UB 4 Yr Fixed Mortgage That Lasts 4.5 Yrs

AllAboutNumbers

New Member
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Hi All

Long time reader of the forum and find the debates and discussions really informative.

I'm sure there are plenty UB Fixed Customers on the forum and just wondering if anyone has any experience around the length of UB Fixed Mortgages?

We commenced a switching process from BOI to UB in January 2018 and we successfully completed and drew down in April 2018 @ 4 Yr Fixed @ 2.6% which at the time was a very competitive rate.

Reading the advice here about switching, I contacted UB about the breakage cost which is in excess of €3k. The breakage cost is what it is but I thought it would be less. I noted in the letter from UB it said my fixed rate would expire in September 2022. I contacted them and said their records need to be updated as I fixed for 4 Yrs in April 2018 so my rate would expire in April 2022 not 30th September as they have outlined in their letter. They confirmed all was in order and while you sign up to "4 Yr Fix" it lasts longer than 4 Yrs. They have now directed me to the Ombudsman as from their side I signed the loan offer (which I did and I'm not contesting) and the matter is closed. I haven't gotten a formal response from the Ombudsman.

Surely offering a 4 Yr Fix and contractually tying a customer to a deal that leaves them worse off beyond that is not permitted? By that logic they could tie me to a "4 Yr Fixed" and keep me on it for 10 Years (or at the very least 4 yrs and 364 days) if they wanted to! 4 years to me is 48 months in financial terms. In reality it's 54 months in Ulster Bank's world.

Again 100% accept I signed it, but feel i was absolutely misled and duped. Is this practice normal across financial institutions or purely a UB tactic? Moving to UB was my 2nd switch since my original drawdown of my mortgage and had never seen anything similar to this approach when getting loans of any type.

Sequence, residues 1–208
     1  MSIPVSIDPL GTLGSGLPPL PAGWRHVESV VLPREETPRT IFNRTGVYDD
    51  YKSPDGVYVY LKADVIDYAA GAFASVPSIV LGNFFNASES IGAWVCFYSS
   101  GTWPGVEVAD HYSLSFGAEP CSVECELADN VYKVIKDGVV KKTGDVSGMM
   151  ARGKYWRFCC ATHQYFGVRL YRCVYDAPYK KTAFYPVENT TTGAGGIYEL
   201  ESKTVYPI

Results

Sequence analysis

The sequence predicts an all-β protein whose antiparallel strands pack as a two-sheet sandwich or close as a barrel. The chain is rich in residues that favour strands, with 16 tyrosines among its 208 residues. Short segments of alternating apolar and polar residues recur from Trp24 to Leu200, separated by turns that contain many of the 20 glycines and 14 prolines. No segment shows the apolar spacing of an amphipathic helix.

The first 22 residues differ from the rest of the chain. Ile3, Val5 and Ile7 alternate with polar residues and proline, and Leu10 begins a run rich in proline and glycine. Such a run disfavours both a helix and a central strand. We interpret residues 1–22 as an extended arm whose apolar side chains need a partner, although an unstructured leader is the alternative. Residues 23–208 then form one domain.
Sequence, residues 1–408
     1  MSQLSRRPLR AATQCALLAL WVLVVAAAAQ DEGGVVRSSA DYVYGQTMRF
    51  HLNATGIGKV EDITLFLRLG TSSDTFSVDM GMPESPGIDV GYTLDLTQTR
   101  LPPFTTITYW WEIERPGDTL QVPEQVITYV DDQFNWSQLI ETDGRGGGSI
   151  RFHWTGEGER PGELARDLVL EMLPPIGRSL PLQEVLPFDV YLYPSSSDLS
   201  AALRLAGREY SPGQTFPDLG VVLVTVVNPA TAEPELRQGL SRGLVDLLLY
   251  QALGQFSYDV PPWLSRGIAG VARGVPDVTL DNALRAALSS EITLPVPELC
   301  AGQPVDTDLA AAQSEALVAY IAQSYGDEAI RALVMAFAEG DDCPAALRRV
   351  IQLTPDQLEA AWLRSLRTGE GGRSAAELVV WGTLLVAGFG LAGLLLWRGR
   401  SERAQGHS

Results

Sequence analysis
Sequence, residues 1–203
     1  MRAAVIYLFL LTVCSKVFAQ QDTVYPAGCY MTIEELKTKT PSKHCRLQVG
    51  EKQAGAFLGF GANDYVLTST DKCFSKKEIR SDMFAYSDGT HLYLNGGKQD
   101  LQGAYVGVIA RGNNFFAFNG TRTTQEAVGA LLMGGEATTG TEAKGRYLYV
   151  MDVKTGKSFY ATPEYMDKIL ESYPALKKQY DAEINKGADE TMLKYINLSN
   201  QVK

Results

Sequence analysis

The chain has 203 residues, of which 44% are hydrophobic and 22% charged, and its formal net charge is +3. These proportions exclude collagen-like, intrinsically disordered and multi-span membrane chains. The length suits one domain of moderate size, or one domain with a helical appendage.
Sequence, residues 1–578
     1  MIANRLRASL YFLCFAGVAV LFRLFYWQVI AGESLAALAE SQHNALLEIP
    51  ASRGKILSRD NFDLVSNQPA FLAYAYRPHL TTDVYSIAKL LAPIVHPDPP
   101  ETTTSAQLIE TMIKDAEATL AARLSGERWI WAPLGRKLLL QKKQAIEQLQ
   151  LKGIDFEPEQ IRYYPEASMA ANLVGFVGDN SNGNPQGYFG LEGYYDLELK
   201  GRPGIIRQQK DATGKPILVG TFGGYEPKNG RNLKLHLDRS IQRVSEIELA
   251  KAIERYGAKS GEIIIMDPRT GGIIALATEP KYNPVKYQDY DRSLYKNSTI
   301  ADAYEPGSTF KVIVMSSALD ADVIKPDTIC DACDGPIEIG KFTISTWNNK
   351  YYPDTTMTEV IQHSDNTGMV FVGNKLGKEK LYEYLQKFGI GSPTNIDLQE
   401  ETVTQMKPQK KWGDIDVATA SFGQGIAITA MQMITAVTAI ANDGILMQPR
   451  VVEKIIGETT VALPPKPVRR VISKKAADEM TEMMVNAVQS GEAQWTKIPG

Anyone have any experience of it or indeed successfully challenging it? For switching it will have material impact on the breakage charge applied as they are working off a date of 30th September 2022 in their calculations as opposed to somewhere in April.

Thanks to all in advance!
 

WizardDr

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1,257
Need to tell us what was on Letter of Offer
Is it to your advantage or detriment is the issue
W
 

Protocol

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3,201
I have a 4yr fix with UB.

I was sort of aware of this, as the marketing material referred to a fixed date in the year when all 4yr fixes end.

By that I mean, I was reading their leaflets in summer / autumn 2018, and the leaflets referred to a specific date in 2022.

I didn't think it was a big deal, and I signed up in late 2018.

Mind you, the bank official never mentioned that aspect to me.

I can see how some people will assume that a 4yr fix means 4yrs to the day.

If I remember, I will check my Loan Offer later.